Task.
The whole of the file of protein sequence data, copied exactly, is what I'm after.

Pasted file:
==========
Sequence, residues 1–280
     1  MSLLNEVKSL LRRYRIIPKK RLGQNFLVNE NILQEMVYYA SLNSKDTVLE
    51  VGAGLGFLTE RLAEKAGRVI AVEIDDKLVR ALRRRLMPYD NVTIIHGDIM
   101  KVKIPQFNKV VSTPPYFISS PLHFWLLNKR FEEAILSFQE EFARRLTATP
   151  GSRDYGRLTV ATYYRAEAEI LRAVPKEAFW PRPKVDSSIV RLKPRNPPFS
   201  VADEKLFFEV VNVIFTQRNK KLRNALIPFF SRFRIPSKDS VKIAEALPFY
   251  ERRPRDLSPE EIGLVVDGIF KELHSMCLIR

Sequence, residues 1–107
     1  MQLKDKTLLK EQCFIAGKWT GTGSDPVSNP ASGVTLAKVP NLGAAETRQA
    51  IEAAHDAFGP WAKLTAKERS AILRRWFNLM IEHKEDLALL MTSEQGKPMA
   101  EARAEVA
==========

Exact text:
Sequence, residues 1–280
     1  MSLLNEVKSL LRRYRIIPKK RLGQNFLVNE NILQEMVYYA SLNSKDTVLE
    51  VGAGLGFLTE RLAEKAGRVI AVEIDDKLVR ALRRRLMPYD NVTIIHGDIM
   101  KVKIPQFNKV VSTPPYFISS PLHFWLLNKR FEEAILSFQE EFARRLTATP
   151  GSRDYGRLTV ATYYRAEAEI LRAVPKEAFW PRPKVDSSIV RLKPRNPPFS
   201  VADEKLFFEV VNVIFTQRNK KLRNALIPFF SRFRIPSKDS VKIAEALPFY
   251  ERRPRDLSPE EIGLVVDGIF KELHSMCLIR

Sequence, residues 1–107
     1  MQLKDKTLLK EQCFIAGKWT GTGSDPVSNP ASGVTLAKVP NLGAAETRQA
    51  IEAAHDAFGP WAKLTAKERS AILRRWFNLM IEHKEDLALL MTSEQGKPMA
   101  EARAEVA